Here is a look at how Bagwell’s vote count has looked since his first ballot:

Votes Vote %
2011 242 41.7
2012 321 56.0
2013 339 59.6
2014 310 54.3

As you can see, a slight dip in votes came when bigger names were added to the ballot.

So, what happens in 2015 and the future?

I think that we will see another big bump for Bagwell, but it might not come for a few more years.  I would think that after Piazza and Griffey and Pudge Rodriguez and maybe even Chipper Jones gets in is when we will finally see Bagwell tagged as ‘the best offensive player on the ballot’.  And when that happens, I think is when Bagwell will get the votes that he deserves.

Do I think he is a Hall of Famer?  Yes, without a doubt – he has the numbers.  But, he is also going to be up against players that were constant MVP threats, and better all-around players.  Bagwell will get into the Hall of Fame, but more than likely not until a few more ‘elite’ guys do first.

What do you think?  What will it take for Jeff Bagwell’s vote tally to climb and earn him a trip to Cooperstown?

Let me hear it.

Jeff Bagwell

Hall Of Fame Debate: Assessing Jeff Kent’s Vote Tally From His First Ballot

Hall Of Fame Debate: Assessing Jeff Kent’s Vote Tally From His First Ballot

After analyzing the complete 2014 Baseball Hall of Fame voting results, it was Mike Mussina’s name that I was most shocked by with the final number of votes received.  Right behind Mussina, was Jeff Kent.

While never a superstar or household name, Jeff Kent was often regarded as ‘the best offensive player at his position’.  His stretch from 1997-2005 was superb.

On his first ballot, Kent received just 87 votes earning him 15.2% of the required 75% needed for election to Cooperstown.

So, where does Jeff Kent go from here?  Can he make up the vast ground that separates him and the needed votes to be elected?

Kent is the all-time leader in home runs hit for a second baseman with 377 career round-trippers.  When compared to all other second baseman in the Hall of Fame, Kent ranks in third place with 1,518 RBI behind Nap Lajoe and Rogers Hornsby.  His lifetime batting average of .290 is five points higher than that of Ryne Sandberg and nineteen points higher than Joe Morgan.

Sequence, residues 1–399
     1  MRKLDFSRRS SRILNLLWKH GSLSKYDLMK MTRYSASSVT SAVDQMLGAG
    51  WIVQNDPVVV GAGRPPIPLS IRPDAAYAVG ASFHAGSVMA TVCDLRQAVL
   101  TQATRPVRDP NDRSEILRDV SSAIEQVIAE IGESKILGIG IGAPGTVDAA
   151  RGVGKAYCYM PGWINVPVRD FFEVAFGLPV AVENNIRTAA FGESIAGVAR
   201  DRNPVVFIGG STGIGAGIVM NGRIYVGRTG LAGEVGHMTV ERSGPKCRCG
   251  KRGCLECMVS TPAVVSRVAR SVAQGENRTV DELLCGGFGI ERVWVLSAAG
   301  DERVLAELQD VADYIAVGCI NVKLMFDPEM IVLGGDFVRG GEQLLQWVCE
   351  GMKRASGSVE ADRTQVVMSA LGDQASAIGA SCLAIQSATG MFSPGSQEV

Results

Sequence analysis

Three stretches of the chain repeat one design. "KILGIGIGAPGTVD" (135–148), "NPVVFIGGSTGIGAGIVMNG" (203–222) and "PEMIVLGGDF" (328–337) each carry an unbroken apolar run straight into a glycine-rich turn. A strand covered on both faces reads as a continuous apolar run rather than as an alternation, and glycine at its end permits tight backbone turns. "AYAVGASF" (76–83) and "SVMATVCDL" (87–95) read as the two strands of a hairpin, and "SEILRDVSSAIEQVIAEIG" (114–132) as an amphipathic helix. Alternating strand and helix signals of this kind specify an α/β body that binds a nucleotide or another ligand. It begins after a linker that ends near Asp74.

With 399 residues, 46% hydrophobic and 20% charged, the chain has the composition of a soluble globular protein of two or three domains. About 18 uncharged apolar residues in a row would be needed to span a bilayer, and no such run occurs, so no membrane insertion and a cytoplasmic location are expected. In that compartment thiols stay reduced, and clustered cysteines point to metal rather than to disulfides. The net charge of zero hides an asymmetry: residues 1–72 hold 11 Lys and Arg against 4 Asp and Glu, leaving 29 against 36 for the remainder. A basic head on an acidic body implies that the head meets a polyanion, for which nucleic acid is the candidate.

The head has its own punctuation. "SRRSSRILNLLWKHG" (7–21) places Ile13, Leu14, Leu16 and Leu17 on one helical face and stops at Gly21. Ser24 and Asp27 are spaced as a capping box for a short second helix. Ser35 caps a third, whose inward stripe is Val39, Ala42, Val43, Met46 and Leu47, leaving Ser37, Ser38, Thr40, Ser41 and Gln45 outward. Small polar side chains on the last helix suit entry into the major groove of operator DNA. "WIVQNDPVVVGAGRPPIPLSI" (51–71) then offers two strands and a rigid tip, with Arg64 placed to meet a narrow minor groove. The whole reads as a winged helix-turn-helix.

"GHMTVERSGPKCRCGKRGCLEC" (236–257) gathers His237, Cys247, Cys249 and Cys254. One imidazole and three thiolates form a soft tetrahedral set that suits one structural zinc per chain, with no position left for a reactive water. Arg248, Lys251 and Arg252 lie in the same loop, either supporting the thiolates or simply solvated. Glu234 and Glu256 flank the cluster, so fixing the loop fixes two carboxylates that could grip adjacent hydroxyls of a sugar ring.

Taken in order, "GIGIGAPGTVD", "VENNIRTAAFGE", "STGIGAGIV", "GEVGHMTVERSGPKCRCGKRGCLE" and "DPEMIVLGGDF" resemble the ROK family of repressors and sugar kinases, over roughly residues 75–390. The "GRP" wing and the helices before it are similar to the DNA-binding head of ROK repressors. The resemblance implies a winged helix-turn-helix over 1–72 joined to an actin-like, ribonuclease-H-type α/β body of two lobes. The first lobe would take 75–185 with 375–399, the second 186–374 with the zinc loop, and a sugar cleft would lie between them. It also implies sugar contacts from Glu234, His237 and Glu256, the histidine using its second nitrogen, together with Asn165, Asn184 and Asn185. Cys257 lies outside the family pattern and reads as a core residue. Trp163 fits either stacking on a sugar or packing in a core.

Kent was a 5-time All-Star and a 4-time Silver Slugger winner.  He was a league MVP in 2000 and had three other ‘Top 9′ seasons for the award.

What I think the biggest argument about Kent’s career is when his numbers soared.  He took his game to another level when he joined the Giants in 1997.  It may be coincidental that his performance accelerated when he started hitting in a lineup that featured Barry Bonds.  Maybe it was Bonds’ presence that allowed for Kent to do what he did in San Fran as he did not achieve the same output while with the Mets or Indians in prior years.

Nonetheless, Jeff Kent has a huge mountain to climb in order to get to the Hall of Fame.  By comparison, Andre Dawson received 45% of the vote on his first ballot in 2002 and Jim Rice got 29.8% of the vote in 1995.  It took both of these guys a pretty long time to gain enshrinement – and each of them started with a lot more votes than what Kent got in round one.

Jeff Kent

What do you think?  Can Jeff Kent take on this uphill battle and emerge victorious?  If so, how long will it take for him to reach 75%?

Let me hear it!

Hall Of Fame Debate: Assessing Mike Mussina’s Vote Tally From His First Ballot

Hall Of Fame Debate: Assessing Mike Mussina’s Vote Tally From His First Ballot

Well, as we all know by now, Mike Mussina did not get anywhere close to gaining entry into the Hall of Fame Class of 2014 when the votes were announced a few weeks back.

Actually, he did far worse than what I expected.  Of a total of 571 votes cast, Mussina secured just 116 good for 20.3% of the total, and well below the needed 75% to gain election.

So, what happens now?  Where does the voting for Mike Mussina go from here?

Does he follow the path of Jack Morris and hang around for a long time picking up votes year after year but never gaining access?  Or does, he slowly start to lose votes as new possible inductees take more votes from him, a la Fred McGriff?

Me – I think he will stick around for a while – but never get over the 55-60% mark.  There are a few pitchers on the ballot right now that I think are just as worthy, or possibly more, as Mussina.   And with the guys coming up on future ballots, I think he will be stuck in the shadows for a few more years before he may get a bigger bump from the voters.